Inspired by the jamming in leaky systems that arises in many physiological and industrial settings, we study the propagation of clogs in a leaky microfluidic channel. By driving a colloidal suspension through such a channel with a fluid-permeable wall adjoining a gutter, we follow the formation and propagation of jams and show that they move at a steady speed, in contrast with jams in channels that have impermeable walls. Furthermore, by varying the ratio of the resistance from the leaky wall and that of the gutter, we show that it is possible to control the shape of the propagating jam, which is typically wedge shaped. We complement our experiments with numerical simulations, where we implement an Euler-Lagrangian framework for the simultaneous evolution of both immersed colloidal particles and the carrier fluid. Finally, we show that the particle ordering in the clog can be tuned by adjusting the geometry of the leaky wall. Altogether, the leaky channel serves both as a filter and a shunt with the potential for a range of uses.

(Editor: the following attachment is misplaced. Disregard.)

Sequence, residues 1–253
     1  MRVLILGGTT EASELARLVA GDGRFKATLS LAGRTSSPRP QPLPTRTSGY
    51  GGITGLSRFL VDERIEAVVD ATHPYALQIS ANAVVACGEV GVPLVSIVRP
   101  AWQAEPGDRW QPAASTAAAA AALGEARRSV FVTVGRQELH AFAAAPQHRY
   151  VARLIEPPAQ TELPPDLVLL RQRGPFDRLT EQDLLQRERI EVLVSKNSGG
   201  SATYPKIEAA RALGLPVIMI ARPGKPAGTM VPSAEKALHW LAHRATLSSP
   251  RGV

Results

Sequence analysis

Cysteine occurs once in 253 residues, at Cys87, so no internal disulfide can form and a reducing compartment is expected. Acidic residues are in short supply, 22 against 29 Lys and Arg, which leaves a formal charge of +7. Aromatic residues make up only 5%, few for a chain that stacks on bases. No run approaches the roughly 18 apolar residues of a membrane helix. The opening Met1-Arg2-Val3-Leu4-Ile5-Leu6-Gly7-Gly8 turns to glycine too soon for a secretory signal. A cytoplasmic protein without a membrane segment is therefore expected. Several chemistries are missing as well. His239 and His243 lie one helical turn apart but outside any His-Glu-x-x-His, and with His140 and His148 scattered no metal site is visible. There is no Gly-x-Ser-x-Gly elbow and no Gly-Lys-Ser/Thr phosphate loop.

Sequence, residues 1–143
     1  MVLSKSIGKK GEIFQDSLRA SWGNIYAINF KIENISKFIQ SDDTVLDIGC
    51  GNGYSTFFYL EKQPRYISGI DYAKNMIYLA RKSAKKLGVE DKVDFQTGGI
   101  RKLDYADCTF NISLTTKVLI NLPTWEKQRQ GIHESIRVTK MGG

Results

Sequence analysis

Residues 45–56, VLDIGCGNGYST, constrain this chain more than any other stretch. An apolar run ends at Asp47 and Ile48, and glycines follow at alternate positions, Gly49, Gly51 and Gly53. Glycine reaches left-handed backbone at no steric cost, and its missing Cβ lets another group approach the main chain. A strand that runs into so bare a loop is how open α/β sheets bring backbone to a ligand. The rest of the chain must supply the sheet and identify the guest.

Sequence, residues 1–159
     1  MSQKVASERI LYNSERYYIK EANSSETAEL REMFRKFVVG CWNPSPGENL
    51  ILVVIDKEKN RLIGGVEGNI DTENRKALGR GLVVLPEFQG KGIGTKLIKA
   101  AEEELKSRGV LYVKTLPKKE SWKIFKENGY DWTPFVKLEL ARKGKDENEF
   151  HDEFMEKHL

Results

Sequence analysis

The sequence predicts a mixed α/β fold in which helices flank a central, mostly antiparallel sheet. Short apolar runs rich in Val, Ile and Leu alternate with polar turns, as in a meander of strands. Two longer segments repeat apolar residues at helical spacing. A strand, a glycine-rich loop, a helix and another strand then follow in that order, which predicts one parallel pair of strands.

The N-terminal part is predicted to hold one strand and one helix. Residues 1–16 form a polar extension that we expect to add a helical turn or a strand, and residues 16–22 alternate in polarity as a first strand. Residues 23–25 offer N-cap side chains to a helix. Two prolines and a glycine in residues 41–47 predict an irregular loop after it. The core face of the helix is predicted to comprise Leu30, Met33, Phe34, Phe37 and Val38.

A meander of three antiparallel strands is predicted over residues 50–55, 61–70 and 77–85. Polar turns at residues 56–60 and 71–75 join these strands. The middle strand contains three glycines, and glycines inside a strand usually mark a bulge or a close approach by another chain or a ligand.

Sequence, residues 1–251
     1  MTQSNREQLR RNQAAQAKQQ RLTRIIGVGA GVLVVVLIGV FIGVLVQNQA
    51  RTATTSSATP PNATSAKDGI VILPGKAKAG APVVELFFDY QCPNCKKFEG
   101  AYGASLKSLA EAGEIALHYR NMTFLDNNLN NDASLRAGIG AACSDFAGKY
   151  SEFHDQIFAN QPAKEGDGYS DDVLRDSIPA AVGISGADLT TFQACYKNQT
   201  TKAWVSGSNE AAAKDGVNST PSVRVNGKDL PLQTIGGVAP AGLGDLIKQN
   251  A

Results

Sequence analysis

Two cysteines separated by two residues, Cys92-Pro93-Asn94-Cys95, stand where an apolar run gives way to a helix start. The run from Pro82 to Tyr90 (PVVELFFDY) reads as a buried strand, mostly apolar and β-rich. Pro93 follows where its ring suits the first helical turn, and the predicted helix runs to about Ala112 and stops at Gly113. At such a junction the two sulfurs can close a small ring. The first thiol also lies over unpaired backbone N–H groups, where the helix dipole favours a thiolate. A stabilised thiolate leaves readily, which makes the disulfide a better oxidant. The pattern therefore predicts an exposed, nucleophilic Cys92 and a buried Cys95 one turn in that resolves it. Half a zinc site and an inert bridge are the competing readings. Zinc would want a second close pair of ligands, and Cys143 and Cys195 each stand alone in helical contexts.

The ability to infer intention lies at the basis of many social interactions played out via motor actions. We consider a simple paradigm of this ability in humans using data from experiments simulating an antagonistic game between an Attacker and a Blocker. Evidence shows early inference of an Attacker move by as much as 100ms but the nature of the informational cues signaling the impending move remains unknown. We show that the transition to action has the hallmark of a critical transition that is accompanied by early warning signals. These early warning signals occur as much as 130 ms before motion ensues—showing a sharp rise in motion autocorrelation at lag-1 and a sharp rise in the autocorrelation decay time. The early warning signals further correlate strongly with Blocker response times. We analyze the variance of the motion near the point of transition and find that it diverges in a manner consistent with the dynamics of a fold-transition. To test if humans can recognize and act upon these early warning signals, we simulate the dynamics of fold-transition events and ask people to recognize the onset of directional motion: participants react faster to fold-transition dynamics than to its uncorrelated counterpart. Together, our findings suggest that people can recognize the intent and onset of motion by inferring its early warning signals.